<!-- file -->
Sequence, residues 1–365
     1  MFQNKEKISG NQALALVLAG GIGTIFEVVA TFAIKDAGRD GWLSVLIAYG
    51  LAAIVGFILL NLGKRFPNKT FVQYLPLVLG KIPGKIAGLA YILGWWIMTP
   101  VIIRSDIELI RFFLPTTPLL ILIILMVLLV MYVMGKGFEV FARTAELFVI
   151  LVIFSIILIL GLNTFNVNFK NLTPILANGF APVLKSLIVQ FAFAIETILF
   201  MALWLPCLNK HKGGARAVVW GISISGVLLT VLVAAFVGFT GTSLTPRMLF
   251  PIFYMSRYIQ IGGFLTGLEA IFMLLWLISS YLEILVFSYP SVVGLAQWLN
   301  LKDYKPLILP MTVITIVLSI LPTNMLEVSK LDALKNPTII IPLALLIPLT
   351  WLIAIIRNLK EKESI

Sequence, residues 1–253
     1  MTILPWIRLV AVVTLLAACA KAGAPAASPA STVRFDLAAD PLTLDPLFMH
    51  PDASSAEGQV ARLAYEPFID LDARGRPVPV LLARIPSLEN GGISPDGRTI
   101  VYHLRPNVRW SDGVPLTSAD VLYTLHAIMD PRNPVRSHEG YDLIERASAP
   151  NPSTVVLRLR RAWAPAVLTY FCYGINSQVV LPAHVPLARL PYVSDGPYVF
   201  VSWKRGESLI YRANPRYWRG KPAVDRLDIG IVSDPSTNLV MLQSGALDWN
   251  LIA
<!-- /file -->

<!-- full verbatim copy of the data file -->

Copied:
Sequence, residues 1–365
     1  MFQNKEKISG NQALALVLAG GIGTIFEVVA TFAIKDAGRD GWLSVLIAYG
    51  LAAIVGFILL NLGKRFPNKT FVQYLPLVLG KIPGKIAGLA YILGWWIMTP
   101  VIIRSDIELI RFFLPTTPLL ILIILMVLLV MYVMGKGFEV FARTAELFVI
   151  LVIFSIILIL GLNTFNVNFK NLTPILANGF APVLKSLIVQ FAFAIETILF
   201  MALWLPCLNK HKGGARAVVW GISISGVLLT VLVAAFVGFT GTSLTPRMLF
   251  PIFYMSRYIQ IGGFLTGLEA IFMLLWLISS YLEILVFSYP SVVGLAQWLN
   301  LKDYKPLILP MTVITIVLSI LPTNMLEVSK LDALKNPTII IPLALLIPLT
   351  WLIAIIRNLK EKESI

Sequence, residues 1–253
     1  MTILPWIRLV AVVTLLAACA KAGAPAASPA STVRFDLAAD PLTLDPLFMH
    51  PDASSAEGQV ARLAYEPFID LDARGRPVPV LLARIPSLEN GGISPDGRTI
   101  VYHLRPNVRW SDGVPLTSAD VLYTLHAIMD PRNPVRSHEG YDLIERASAP
   151  NPSTVVLRLR RAWAPAVLTY FCYGINSQVV LPAHVPLARL PYVSDGPYVF
   201  VSWKRGESLI YRANPRYWRG KPAVDRLDIG IVSDPSTNLV MLQSGALDWN
   251  LIA